Potential candidates for gastric restrictive surgery include:

  • A body mass index (BMI) of 40 (or)
  • A BMI of 30 with one or more obesity-associated complications

Preparation for Gastric Restrictive Surgery

In general, pre-procedure preparation for gastric restrictive surgery may involve the following steps:

  • A thorough examination is performed by your doctor to check for any medical issues that need to be addressed prior to surgery.
  • Depending on your medical history, social history, and age, you may need to undergo tests such as blood work and imaging to help detect any abnormalities that could compromise the safety of the procedure.
  • You will be asked if you have allergies to medications, anesthesia, or latex.
  • You should inform your doctor of any medications or supplements that you are taking or any medical conditions you have such as lung or heart disease.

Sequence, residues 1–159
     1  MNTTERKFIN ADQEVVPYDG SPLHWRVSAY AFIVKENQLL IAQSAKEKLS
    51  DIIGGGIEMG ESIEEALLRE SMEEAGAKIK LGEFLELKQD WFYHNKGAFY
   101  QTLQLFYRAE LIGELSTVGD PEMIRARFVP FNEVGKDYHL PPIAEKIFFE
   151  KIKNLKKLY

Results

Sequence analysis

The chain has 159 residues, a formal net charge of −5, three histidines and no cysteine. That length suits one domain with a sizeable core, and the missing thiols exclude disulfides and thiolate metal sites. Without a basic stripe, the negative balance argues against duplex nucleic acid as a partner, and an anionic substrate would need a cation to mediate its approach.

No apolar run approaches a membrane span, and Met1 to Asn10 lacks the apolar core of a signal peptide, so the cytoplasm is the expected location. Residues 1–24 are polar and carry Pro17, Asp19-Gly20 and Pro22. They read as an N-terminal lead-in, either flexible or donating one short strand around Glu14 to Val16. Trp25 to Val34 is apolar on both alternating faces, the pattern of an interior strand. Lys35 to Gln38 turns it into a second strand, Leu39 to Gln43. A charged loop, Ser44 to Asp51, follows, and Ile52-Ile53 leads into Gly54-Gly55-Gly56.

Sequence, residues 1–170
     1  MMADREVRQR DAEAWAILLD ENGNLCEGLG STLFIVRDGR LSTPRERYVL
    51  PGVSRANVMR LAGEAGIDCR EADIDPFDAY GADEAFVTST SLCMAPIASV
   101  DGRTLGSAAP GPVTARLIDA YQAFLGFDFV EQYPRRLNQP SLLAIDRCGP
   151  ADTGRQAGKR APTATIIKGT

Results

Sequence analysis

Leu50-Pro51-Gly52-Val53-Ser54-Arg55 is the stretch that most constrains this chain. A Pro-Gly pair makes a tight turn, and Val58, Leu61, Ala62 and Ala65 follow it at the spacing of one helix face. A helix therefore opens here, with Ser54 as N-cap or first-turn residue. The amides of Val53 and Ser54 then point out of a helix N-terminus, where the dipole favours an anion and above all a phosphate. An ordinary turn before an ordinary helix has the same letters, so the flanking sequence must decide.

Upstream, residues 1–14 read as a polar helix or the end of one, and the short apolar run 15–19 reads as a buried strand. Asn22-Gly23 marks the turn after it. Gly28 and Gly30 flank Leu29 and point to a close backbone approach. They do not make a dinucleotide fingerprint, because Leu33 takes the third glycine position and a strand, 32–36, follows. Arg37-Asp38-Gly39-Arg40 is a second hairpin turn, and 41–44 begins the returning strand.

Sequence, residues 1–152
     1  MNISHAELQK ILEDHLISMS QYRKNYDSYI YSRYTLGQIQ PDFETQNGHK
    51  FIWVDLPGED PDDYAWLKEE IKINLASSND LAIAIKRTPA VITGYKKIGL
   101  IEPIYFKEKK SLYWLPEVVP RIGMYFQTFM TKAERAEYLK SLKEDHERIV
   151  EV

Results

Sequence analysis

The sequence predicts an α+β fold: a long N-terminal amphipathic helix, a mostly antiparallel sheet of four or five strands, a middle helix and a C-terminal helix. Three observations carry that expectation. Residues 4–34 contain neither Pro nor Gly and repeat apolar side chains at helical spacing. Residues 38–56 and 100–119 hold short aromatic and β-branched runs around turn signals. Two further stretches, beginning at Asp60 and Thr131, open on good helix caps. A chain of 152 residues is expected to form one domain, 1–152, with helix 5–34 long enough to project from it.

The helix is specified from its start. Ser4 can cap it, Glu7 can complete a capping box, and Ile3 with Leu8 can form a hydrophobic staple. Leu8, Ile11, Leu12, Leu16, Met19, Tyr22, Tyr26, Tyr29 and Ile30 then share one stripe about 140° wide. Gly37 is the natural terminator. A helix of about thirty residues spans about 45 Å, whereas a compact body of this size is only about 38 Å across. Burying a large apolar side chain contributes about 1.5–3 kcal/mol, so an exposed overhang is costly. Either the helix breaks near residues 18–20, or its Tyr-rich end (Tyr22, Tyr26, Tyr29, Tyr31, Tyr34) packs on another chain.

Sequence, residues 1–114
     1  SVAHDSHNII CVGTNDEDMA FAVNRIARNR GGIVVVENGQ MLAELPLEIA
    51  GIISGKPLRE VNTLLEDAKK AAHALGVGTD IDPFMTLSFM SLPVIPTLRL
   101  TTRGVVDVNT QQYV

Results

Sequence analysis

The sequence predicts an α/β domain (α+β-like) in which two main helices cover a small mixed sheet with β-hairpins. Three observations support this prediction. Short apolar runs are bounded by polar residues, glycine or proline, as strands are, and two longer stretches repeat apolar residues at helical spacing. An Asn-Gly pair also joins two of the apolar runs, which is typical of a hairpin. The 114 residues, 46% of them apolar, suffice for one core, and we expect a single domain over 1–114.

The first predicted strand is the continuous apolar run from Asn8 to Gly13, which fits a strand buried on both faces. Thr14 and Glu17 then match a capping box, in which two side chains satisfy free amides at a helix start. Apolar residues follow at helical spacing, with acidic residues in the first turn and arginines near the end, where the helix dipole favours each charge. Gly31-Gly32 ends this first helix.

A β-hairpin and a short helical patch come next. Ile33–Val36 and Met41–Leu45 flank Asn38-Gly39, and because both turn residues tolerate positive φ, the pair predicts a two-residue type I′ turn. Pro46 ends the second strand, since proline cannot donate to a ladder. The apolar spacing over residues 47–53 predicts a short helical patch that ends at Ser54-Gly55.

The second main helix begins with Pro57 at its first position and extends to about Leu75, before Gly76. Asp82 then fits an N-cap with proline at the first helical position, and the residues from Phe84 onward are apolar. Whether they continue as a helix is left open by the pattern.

• You may need to refrain from certain medications such as blood thinners or anti-inflammatories for a week or two prior to the procedure.
  • Refrain from smoking or alcohol for at least a couple of weeks before surgery and several weeks after surgery.
  • You should not consume any solids or liquids at least 8 hours prior to the procedure.
  • You should arrange for someone to drive you home after the surgery.
  • A signed informed consent will be obtained from you after the procedure has been explained in detail.

Procedure for Gastric Restrictive Surgery

The two most commonly employed gastric restrictive surgeries include:

Laparoscopic adjustable gastric banding (LAGB)